In the third place, the decree commands the chief of the so-titled squadron to prevent the arrival of national and foreign vessels, when the blockade should have for its object to close as well their entrance as their departure; to render impossible, not only commerce, but every species of communication with the place blockaded. Only are vessels permitted to depart that might have entered before the blockade was established.

In the fourth place, it is ordered in the decree that the special notification of the blockade be made to the ships that are bound to La Guayra; but it is not provided that there should be entered on the papers of navigation of the same the day, and the place, or the latitude, in which they may have been found before being notified, as the treaty of Venezuela and France of 25th of May, 1843, in its 19th article requires, and also that which the republic and Denmark signed on the 19th December, 1862, article 17.

In the fifth place, vessels that pretend to violate the blockade shall be seized, and taken to Puerto Cabello, to be tried according to the laws of the matter.

The author of the decree forgot that the only tribunal called to take congnizance of prizes, according to article 89 of the constitution, is the high federal court, and that this body, appointed by congress, continues discharging its functions in Caracas. Any other tribunal whatsoever, created to take cognizance of prizes, would be unconstitutional, so much the more so since the executive has no power to establish them, nor to appoint judges.

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In the sixth place, the same decree, which is being analyzed, recognizes, in some manner, in the 5th article, the necessity of the diplomatic notification that it has not before prescribed, and, moreover, orders the seizure and trial of the vessels that attempt to violate the blockade, and in which contraband of war is found.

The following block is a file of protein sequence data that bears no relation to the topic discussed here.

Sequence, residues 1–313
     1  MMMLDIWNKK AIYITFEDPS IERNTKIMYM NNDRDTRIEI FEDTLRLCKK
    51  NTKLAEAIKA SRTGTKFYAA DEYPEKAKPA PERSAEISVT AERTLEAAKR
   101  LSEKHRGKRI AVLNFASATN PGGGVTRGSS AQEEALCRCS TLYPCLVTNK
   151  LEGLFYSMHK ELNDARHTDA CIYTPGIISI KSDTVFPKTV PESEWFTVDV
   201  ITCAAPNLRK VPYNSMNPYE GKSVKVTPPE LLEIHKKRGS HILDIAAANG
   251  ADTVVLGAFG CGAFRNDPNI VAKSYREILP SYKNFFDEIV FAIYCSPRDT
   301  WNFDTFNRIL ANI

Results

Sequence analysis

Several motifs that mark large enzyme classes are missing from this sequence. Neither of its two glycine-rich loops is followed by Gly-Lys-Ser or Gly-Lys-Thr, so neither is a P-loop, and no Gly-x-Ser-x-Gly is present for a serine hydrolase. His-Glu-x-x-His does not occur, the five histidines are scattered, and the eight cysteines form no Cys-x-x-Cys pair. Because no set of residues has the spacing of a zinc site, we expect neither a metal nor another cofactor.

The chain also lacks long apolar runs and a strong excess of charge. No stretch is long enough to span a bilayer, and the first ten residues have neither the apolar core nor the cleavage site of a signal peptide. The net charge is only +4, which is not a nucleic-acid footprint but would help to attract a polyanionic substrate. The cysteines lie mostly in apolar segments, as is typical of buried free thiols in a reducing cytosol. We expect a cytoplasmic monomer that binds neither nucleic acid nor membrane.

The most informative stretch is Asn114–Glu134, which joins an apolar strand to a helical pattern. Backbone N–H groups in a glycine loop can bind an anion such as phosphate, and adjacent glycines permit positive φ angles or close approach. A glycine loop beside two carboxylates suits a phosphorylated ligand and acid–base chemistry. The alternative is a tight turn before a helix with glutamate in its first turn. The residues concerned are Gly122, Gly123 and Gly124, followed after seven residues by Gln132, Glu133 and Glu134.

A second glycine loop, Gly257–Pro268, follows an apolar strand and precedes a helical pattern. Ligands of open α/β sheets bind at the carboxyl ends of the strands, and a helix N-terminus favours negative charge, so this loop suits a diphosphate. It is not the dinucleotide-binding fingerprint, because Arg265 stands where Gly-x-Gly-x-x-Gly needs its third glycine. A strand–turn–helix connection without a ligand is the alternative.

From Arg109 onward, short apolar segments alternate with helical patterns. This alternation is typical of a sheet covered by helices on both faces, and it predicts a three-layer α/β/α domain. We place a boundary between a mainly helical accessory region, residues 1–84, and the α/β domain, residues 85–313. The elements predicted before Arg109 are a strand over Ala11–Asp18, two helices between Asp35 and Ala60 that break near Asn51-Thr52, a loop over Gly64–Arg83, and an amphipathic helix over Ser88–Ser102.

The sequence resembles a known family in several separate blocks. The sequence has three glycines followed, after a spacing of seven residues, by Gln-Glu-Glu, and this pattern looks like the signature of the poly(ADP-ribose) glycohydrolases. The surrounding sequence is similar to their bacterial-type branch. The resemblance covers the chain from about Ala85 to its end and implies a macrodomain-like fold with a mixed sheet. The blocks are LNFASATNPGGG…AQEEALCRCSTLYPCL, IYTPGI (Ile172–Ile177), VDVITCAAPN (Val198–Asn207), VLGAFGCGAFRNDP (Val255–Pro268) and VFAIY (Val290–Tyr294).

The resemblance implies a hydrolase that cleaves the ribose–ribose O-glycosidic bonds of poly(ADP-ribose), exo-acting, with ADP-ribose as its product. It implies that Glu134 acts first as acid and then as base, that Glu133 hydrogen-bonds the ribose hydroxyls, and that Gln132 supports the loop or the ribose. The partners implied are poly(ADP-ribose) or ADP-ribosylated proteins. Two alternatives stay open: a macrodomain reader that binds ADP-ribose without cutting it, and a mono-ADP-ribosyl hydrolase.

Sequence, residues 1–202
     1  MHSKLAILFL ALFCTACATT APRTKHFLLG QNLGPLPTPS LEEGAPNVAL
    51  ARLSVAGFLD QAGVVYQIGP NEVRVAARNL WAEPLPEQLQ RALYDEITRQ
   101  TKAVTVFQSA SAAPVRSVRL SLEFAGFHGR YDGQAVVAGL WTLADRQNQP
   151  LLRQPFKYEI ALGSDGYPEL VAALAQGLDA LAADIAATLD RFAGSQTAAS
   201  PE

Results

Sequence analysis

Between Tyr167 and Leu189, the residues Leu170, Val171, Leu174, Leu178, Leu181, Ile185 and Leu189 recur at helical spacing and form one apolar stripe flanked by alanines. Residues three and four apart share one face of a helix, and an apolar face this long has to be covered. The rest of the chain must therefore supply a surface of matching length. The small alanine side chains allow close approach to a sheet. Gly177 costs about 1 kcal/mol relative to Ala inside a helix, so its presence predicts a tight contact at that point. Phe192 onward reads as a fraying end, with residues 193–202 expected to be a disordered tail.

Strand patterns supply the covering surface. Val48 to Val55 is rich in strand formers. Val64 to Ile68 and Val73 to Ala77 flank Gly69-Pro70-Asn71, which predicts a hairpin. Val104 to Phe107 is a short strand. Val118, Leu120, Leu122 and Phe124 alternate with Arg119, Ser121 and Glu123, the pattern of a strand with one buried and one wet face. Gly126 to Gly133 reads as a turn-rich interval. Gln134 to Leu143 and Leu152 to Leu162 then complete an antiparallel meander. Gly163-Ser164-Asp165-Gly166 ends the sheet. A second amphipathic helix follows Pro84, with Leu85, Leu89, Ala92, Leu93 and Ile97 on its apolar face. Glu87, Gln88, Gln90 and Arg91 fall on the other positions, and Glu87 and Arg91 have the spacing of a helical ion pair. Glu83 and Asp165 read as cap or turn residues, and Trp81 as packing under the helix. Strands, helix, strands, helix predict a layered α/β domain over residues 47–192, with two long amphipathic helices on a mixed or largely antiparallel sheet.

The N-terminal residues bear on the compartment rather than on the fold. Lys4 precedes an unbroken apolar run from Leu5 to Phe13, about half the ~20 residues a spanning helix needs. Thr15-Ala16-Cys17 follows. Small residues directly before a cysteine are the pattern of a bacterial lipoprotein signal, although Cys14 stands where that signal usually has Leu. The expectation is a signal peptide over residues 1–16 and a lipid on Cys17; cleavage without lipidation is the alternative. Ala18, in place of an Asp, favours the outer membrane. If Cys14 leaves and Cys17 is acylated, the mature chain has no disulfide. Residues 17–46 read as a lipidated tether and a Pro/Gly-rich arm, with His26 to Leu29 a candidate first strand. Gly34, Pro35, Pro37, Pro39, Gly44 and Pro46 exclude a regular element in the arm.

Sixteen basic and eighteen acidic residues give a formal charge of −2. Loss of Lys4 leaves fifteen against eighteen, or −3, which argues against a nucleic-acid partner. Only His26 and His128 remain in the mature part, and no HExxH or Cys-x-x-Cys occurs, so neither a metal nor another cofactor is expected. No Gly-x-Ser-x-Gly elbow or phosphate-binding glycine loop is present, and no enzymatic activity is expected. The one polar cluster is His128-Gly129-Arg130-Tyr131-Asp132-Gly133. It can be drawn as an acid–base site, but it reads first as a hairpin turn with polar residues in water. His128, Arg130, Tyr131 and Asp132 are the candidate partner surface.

Here the treaty of Venezuela with the United States is broken, according to which, in its 16th article, ships which carry contraband of war must be left at liberty to pursue their voyage, if their commander offers to deliver it, not being in quantity greater than what may be conveniently received on board the capturing vessel. By the same treaty contraband is declared an object of confiscation, but free and in no manner contaminated by the goods prohibited, the vessel loaded with them, and the rest of the cargo.

The same was stipulated by the treaty in force of this country with Denmark. Finally, the continuity of the blockade would not exist, because of the two vessels thereunto destined, the steamer is not well provided with coal, and in case of making seizures, having to take to Puerto Cabello the ships detained, they would have necessarily to withdraw.

Since the preceding was written, facts have come to confirm the exactness thereof. The supposed blockading vessels steered their course last night for Puerto Cabello, and to-day the steamer Talisman, hailing from Liverpool, has arrived at La Guayra, without any hinderance. More than sufficiently founded therefore, is the hope, that the government entertains that the dipolmatic and consular bodies will not acknowledge the pretended blockade, extending the protests necessary for the effect, and acting in consequence thereof.

The undersigned, &c., &c. Union and liberty.